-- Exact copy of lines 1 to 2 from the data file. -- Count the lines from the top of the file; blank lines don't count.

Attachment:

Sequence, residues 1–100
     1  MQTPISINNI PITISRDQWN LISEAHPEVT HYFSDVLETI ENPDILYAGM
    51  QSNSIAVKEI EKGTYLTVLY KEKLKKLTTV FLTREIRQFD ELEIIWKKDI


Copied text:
Sequence, residues 1–100
     1  MQTPISINNI PITISRDQWN LISEAHPEVT HYFSDVLETI ENPDILYAGM